Thursday, December 19, 2013

In Opposition to the "Noise" Ordinance

Good evening, Councilmembers Clarkson, Guidry, and Head,

My name is Patrick Armstrong, and I am a voter in District A. I am a full-time worker in New Orleans, and not only do I enjoy watching and dancing to the wide variety of music on display any day of the week in this town, but I play guitar and sing - sometimes on my porch, sometimes in a band with friends of mine. Having read the text of the proposed noise ordinance, having followed this issue closely for years (I first became interested when the NOPD began shooing brass bands from French Quarter streets), and having read the many articles and opinion posts of various stakeholders regarding the proposed ordinance, I have come to the informed conclusion that this proposed ordinance goes too far in restricting expressions of music and will not be good for the city. I know musicians who will suffer economically because of this ordinance, and I know people who will be restricted from enjoying the rich musical heritage that people all over the world find synonymous with New Orleans.
I am also concerned that the draft of this ordinance ignores the findings of David Woolworth, whose study was commissioned by the city for the very purpose of crafting an ordinance that could support the desires of many community stakeholders. Why pay for a two year study to find consensus solutions only to ignore the findings and propose an ordinance crafted by those who represent more narrow interests? Especially when those narrow interests claimed more support from neighborhood organizations than they actually had! Doing so only raises questions about the legitimacy of this process, and the ordinance as proposed.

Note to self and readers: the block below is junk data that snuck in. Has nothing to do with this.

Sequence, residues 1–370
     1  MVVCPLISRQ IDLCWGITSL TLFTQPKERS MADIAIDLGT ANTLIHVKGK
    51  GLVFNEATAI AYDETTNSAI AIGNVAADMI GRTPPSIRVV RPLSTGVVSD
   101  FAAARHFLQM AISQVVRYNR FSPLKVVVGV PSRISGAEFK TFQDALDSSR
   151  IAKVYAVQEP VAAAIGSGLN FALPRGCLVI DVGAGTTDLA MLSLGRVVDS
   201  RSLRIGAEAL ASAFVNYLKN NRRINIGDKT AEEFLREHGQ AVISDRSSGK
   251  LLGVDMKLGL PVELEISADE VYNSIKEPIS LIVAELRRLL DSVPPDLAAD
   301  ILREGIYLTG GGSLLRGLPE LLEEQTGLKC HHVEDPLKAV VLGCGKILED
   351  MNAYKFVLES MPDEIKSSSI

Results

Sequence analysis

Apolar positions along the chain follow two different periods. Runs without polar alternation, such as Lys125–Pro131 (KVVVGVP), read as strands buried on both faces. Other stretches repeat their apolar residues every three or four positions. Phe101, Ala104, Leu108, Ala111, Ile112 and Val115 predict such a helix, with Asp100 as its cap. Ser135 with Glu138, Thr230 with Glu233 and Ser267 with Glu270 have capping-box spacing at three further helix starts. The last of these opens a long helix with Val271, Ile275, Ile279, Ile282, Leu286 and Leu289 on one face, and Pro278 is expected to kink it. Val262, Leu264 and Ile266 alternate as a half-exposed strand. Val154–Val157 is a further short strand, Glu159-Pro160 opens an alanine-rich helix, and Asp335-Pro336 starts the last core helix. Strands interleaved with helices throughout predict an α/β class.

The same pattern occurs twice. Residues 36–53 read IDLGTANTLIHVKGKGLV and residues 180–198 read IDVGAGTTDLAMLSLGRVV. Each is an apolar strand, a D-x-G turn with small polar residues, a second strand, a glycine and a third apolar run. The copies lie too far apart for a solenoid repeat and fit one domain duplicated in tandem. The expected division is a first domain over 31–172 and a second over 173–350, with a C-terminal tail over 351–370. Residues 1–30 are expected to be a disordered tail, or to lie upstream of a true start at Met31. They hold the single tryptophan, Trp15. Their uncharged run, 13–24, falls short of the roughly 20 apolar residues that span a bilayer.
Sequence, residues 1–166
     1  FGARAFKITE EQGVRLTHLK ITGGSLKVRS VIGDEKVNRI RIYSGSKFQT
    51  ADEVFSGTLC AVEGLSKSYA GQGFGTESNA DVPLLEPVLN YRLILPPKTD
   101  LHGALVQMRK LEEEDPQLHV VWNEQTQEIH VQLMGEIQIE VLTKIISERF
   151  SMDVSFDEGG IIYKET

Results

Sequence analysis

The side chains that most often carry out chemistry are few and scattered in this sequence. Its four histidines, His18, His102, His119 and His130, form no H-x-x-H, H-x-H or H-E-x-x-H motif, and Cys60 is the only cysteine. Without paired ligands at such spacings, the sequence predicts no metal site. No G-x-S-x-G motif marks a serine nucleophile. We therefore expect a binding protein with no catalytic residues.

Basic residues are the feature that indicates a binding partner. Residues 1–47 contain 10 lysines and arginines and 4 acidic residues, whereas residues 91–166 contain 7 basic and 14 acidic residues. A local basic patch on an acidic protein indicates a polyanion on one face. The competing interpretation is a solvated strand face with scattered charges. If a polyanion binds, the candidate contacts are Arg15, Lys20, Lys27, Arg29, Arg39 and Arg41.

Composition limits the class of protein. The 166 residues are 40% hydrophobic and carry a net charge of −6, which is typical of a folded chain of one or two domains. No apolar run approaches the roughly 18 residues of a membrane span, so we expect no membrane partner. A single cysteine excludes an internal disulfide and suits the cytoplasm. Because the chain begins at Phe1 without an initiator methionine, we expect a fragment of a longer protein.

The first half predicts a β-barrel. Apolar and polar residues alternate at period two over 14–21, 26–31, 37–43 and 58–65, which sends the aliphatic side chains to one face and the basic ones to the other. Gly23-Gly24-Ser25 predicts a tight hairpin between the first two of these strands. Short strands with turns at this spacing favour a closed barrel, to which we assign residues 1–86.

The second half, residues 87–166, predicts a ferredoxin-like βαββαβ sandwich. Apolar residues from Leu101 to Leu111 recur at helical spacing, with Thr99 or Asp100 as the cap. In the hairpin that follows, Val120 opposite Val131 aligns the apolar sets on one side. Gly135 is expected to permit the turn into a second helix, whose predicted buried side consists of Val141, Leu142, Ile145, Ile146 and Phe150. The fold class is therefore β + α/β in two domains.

Finally, I moved to New Orleans in 2006 because this was a place where you can have a real job while still enjoying, dancing to, or playing music any day of the week. In this city, you don't have to choose one or the other. That is a special atmosphere that not many cities have, and it would be a terrible shame to legislate that richness of place away. If I wanted to live in a sleepy small town or a quiet Atlanta suburb where the only thing I had the option of hearing on a given evening is the sound of my own television, I wouldn't live in New Orleans. 

Please find something better to put on the books than the ordinance that was brought forward today.